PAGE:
We may have spent 1-2 years preparing them for this activity. But, within a too short period of time we are having to make decisions on cutting back on that activity. Perhaps it is moving them to a lower jump height in agility, doing fewer jumps, contacts and weaves in training or just cutting back on the intensity of our training work. Many dogs seem way too young when this happens…. Perhaps at 4 or 5 years of age or whenever we see that their bodies do not seem to be handling the stresses we put on them from training.
Often we see people thinking about or buying a new puppy when their dogs are around 5 years of age. Not only are our dogs pretty well trained for our sport at this time but we realize that perhaps within a short time we will need to change the way we train and show them due to their age and how time, injuries, and perhaps the way we trained has effected their bodies.
The new puppy comes and we start all over…. But what happens to our aging dog? Often they seem to get put aside as we now once again focus our total attention on the puppy, preparing and training them to one day be our little star.
The ways we change our relationship with that first dog may be in the form of excluding them from being around a training session since we don’t want barking. Or leaving them outside a room when we are doing our tricks and balance disc work. We might have to leave them at home when we go to a seminar, or perhaps take the puppy out for socialization in public or for trail hikes and walks alone.
Yes we still love our aging dog dearly and yes we do still work them in our sport and take them for walks and hikes, but … has it changed?
Does this sound familiar?
It does for me because in looking back at when I got my puppy Myst I see how much I excluded Kaffee from so much of my time with building a bond and training Myst.
Kaffee was my obedience dog. We did agility for a few years, did a lot of herding but finally moved to obedience after I had several knee surgeries and had could not run and had to train at home. I took what I had learned about making agility fun and applied it to obedience… lots of play with Kaffee’s favorite tugs and balls and of course great treats which he loved. Kaffee enjoyed obedience and never seemed to show that he would rather do agility …. He was just happy with whatever he could do with me.
This was fine as I started working and training Myst to someday be my agility dog. Late in the day we used a room in my house to do work on balance discs and to shape tricks. Kaffee was not included and lay outside the room waiting for us to finish… where he got a lovely treat for quietly waiting. I was concerned about one of the dogs barking or not settling quietly while the other was being worked.
Then it happened.. Kaffee was injured. A year ago while at an agility trial, Kaffee was running for a ball and when I turned around he was standing on 3 legs. He had an iliopsoas strain and as you can see in my earlier blog, we started a very focused program to help him recover. Now my attention was again on Kaffee. Each day he had at least 30 minutes devoted to helping him in his rehab. As he progressed it was time for some balance disc work to help build his strength in his hind end.
Rather than work Kaffee separately on the discs, I decided it was time for both dogs to be OK sitting and waiting while the other dog worked. They would be rewarded for being quite. I was surprised at how well this went and how quickly they both were waiting their turns. Now both dogs went to our canine gym for end of day fun with tricks and balance discs. Why had I not considered doing this sooner? Kaffee loved his work with the balance discs and very quickly progressed. He was 8 years old at the time and within a few months had developed amazing balance, strength and proprioception. I would tell him what a super star he was and he would jump in the air with joy and happiness… he truly showed how proud he was of himself.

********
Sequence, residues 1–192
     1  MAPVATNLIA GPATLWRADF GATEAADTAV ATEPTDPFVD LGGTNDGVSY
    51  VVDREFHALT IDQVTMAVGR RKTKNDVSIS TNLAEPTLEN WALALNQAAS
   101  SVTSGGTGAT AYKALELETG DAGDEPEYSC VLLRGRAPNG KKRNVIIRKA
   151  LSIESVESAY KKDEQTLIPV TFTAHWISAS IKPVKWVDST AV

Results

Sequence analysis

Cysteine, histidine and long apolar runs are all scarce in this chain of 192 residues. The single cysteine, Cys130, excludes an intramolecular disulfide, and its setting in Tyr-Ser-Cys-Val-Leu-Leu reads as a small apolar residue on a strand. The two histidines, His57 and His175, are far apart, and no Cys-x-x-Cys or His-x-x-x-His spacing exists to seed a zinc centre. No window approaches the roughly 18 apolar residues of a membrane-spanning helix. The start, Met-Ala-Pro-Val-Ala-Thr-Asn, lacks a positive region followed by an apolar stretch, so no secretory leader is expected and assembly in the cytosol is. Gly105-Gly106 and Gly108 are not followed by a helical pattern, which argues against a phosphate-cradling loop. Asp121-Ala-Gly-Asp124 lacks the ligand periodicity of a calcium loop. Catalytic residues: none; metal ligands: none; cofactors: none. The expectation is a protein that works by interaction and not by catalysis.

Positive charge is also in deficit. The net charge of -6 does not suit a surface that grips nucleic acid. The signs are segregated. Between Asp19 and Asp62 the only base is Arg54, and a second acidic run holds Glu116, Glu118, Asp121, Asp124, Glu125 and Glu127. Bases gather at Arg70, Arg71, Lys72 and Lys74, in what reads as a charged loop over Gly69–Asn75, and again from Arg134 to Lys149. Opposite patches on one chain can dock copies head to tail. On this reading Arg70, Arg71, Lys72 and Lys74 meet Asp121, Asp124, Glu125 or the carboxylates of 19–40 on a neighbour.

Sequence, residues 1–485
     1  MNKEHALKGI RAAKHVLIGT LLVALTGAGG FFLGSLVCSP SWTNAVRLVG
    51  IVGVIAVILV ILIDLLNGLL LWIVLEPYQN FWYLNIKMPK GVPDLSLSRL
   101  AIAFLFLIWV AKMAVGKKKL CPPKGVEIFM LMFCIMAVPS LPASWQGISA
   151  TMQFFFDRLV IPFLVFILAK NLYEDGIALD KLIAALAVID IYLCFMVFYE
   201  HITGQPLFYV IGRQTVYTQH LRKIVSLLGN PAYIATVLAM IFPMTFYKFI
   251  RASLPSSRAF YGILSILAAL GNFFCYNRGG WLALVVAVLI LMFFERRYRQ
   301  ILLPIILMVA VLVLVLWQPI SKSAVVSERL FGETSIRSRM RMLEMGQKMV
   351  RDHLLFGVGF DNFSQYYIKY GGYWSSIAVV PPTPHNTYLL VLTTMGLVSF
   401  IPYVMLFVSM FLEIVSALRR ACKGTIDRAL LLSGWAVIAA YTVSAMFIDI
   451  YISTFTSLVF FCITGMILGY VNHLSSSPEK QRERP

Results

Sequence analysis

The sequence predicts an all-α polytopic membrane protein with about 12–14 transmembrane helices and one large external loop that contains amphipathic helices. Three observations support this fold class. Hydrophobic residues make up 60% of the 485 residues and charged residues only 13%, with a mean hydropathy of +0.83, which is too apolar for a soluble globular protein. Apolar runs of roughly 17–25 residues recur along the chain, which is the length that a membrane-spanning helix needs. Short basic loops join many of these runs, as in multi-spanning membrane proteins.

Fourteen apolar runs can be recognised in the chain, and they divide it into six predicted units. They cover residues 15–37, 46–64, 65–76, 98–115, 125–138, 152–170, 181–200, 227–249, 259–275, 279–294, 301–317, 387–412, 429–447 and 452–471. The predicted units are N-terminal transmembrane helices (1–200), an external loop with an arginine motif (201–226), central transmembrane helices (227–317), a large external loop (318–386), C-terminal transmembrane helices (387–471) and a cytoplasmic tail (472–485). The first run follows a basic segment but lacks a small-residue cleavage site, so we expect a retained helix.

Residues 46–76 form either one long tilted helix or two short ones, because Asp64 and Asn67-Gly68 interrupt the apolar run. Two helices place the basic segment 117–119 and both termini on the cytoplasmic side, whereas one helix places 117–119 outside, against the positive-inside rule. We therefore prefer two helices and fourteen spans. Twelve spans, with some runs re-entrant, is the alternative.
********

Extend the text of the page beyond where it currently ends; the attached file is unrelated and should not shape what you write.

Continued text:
Now I felt so badly that I had not included him in this time earlier… and perhaps could have prevented this injury.
It has now been a year with so many changes for Kaffee due to his iliopsoas injury. He had to stop competing in obedience where he had to jump 20 inches. After 6 months of my careful rehab he was back to hiking with us on trails without steep climbs and rocks and by 9 months he could hike off leash anywhere.
Meanwhile, my agility with Myst was slowing down and I was focusing on obedience work with her. She and I had had a year of fun in showing agility but my knees were not doing well with all the running. Obedience is much kinder on not only humans bodies but also dogs… This was not the option I would have taken but I decided that I could be happy with hiking, obedience, tricks, balance disc fun and a little agility at home.
Myst has been trained, but not shown, through Utility. We are now proofing her work and it is time to begin thinking about showing… and, I needed to get back in the ring again. Kaffee is 9 years old and had only shown in one show after his iliopsoas rehab. I entered Kaffee in one of our favorite obedience shows in Flagstaff, Arizona (June 2014) for fun and to get us both back in the ring. He was entered for 2 days in Utility and Open. Kaffee was soooo happy to be the center of my attention at a show again. Since I have always tried to make the ring a happy and fun place to be he wanted to jump up and bark with happiness in the ring… I had to be a little more serious trying to keep him focused and not quite as exuberant… but he was so happy.
On Saturday Kaffee got a lovely score of 198 in Open under Mel Stanley and qualified in Utility giving him the High Scoring Obedience Dog (HIT) and also the Highest Scoring Combined for Open and Utility. Sunday he also qualified in both of his classes giving him 2 more legs toward his UDX4 and very close to his OM6. A perfect weekend for a dog that I had thought was now retired.